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Brora Rangers manager says clubs are left in limbo


By Andrew Henderson

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Brora Rangers’ manager Steven Mackay does not expect the Highland League to return without supporters coming through the gates.

Brora Rangers manager Steven Mackay.
Brora Rangers manager Steven Mackay.

The Cattachs are set for another campaign in the fifth tier of Scottish football’s pyramid after being denied the chance to win promotion to League Two as Highland League champions, but do not have any idea when next season can begin.

Premiership clubs are preparing for an August 1 return to action, while the Championship has voted to aim for October 17 – with League One and League Two expected to follow suit.

The Highland and Lowland Leagues continue to be left in limbo, however, and Mackay thinks the

nature of business at their level makes it more difficult to anticipate when they

will be able to get back playing.

The irony is that if social distancing rules are still in effect at that point, it could well be more practical for Highland Leagues clubs to let fans in.

“I don’t think it is feasible to play without fans,” he said.

“Highland League clubs are heavily reliant on their fan base coming through the gates and paying for hospitality as well. If both of those elements are not allowed, then I can’t see how any of the Highland League clubs can sustain their outgoings if there’s no revenue coming in.

“I just don’t see it working, if the decision is that there’s no fans allowed then they might just look to defer the league and wait. It won’t be sustainable to pay the players’ wages.

“With Highland League football, and the way that the grounds are set up, it’s probably the easiest place to implement social distancing too.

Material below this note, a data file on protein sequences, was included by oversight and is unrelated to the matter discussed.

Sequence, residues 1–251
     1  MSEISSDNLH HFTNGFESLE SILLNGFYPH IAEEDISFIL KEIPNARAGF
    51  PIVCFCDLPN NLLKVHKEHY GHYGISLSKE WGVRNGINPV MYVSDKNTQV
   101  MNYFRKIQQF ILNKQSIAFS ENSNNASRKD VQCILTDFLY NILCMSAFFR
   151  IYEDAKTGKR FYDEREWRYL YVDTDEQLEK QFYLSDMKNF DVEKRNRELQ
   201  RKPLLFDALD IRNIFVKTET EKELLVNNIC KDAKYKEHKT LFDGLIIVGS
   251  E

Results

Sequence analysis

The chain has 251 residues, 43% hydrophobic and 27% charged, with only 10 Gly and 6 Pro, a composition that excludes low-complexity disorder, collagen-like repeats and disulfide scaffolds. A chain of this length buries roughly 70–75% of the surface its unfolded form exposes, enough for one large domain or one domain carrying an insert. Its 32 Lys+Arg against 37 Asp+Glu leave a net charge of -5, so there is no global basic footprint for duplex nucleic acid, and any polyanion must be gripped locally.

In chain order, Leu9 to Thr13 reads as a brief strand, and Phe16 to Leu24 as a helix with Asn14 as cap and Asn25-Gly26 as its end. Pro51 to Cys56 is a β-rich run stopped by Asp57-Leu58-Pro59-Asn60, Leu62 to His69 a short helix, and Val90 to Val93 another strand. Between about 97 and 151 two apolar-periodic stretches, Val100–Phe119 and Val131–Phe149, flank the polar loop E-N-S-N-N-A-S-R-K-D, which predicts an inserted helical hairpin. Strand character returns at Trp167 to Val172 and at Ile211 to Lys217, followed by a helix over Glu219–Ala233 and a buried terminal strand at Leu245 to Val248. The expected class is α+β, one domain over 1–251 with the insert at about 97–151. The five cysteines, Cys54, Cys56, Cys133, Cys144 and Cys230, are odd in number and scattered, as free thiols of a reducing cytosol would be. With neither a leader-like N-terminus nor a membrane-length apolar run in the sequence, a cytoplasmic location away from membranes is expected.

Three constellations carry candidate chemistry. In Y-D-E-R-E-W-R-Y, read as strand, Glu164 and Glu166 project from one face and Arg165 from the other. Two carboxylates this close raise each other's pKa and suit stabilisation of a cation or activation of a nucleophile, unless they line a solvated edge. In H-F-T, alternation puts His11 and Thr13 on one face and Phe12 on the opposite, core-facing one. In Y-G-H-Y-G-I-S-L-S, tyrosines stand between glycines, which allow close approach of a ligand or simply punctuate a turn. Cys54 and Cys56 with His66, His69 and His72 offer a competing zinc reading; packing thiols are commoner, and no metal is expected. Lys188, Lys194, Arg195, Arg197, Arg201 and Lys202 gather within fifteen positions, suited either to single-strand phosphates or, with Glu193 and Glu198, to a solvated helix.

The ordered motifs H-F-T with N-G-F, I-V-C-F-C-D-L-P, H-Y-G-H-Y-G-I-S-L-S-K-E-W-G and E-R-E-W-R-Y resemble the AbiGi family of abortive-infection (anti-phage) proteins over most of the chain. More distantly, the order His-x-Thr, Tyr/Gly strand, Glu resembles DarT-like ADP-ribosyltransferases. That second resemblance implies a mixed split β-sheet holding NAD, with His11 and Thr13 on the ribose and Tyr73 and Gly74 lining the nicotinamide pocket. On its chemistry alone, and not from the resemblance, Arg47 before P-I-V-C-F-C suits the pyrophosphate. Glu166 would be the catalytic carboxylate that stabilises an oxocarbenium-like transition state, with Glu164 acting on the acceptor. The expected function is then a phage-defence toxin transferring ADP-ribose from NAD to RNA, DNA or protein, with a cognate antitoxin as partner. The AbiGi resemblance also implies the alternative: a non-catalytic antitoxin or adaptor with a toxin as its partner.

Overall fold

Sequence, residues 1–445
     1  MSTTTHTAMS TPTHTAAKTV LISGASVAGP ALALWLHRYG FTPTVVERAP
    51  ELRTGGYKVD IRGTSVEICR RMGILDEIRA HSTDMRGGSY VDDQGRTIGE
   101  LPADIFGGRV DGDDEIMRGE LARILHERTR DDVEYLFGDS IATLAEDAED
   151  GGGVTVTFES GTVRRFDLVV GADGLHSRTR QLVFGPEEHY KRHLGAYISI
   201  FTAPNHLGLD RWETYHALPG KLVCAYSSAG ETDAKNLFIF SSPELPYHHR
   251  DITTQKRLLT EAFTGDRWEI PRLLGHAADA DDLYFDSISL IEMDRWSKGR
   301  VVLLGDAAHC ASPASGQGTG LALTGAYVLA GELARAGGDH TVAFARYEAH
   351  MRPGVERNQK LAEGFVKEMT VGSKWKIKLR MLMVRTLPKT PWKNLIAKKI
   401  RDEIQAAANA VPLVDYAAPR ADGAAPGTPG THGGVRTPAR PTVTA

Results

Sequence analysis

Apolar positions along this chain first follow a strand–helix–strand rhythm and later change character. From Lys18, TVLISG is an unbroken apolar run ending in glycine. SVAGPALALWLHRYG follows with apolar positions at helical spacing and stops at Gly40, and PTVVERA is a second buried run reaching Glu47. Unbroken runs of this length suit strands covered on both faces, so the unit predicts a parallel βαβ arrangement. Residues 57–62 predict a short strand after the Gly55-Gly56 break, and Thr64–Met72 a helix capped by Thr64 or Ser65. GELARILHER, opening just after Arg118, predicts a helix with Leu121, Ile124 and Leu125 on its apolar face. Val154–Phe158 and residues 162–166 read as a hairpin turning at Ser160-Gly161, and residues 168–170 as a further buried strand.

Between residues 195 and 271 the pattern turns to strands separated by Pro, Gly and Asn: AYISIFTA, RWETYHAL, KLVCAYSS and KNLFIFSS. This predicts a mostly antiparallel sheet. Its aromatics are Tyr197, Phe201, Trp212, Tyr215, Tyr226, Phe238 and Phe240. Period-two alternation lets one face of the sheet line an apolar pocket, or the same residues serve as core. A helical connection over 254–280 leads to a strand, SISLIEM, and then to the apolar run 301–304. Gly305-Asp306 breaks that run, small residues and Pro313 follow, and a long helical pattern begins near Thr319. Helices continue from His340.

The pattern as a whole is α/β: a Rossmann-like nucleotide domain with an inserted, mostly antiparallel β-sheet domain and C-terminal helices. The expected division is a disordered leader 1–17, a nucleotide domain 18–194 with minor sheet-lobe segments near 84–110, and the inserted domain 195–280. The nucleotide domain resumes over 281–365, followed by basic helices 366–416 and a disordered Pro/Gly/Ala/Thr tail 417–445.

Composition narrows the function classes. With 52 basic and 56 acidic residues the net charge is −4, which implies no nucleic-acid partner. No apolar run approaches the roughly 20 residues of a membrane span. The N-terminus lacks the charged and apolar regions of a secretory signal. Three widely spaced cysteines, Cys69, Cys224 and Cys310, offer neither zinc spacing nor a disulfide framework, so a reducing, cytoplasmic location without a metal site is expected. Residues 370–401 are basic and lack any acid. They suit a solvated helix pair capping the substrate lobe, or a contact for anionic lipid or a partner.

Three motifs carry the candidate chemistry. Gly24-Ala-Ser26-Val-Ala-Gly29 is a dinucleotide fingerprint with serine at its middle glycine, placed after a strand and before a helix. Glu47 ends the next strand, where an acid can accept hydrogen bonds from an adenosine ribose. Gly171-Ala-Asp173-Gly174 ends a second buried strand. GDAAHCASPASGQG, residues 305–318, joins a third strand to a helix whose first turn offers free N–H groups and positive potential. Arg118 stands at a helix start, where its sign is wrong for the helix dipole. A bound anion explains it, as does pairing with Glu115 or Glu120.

“You could spread fans out quite easily, it’s not as if we’re working with all-seater stadiums. There are lots of areas around the pitch where you could split fans up and segregate.

“If they do look to bring the league back in October, I think the social distancing could be implemented very easily and very efficiently.”

The argument can be made that if it is so much more feasible to bring socially distanced crowds back, the Highland League should be allowed to trial it for the good of the league.

It would potentially allow games to be played earlier and reduce the risk of fixture congestion if a normal number of matches have to be played in less time.

However, Mackay does not expect to be able to try something different, as he suspects the Highland League will be forced to fall in line with the pyramid above them.

“I wouldn’t have thought we’d be allowed to differ,” Mackay said.

“Whatever the Scottish league decides will filter through to us. I don’t think we’ll get to make our own decisions.

“I think we could demonstrate that social distancing could take place, so hopefully the Scottish league will allow a certain amount of fans in. I think it would need to be decided at the top level, and then that wouldcascade down to the lower leagues.”

Without having played or even trained together since the middle of March, question marks will be in place over the part-time players’ fitness levels.

That could prove more important than ever if there is a squeeze to the calendar, but Mackay would rather avoid an abridged season if at all possible.

“We would rather a full season, even playing Saturday and Wednesday for the remainder of the season. We’re desperate to get back to football,” he said.

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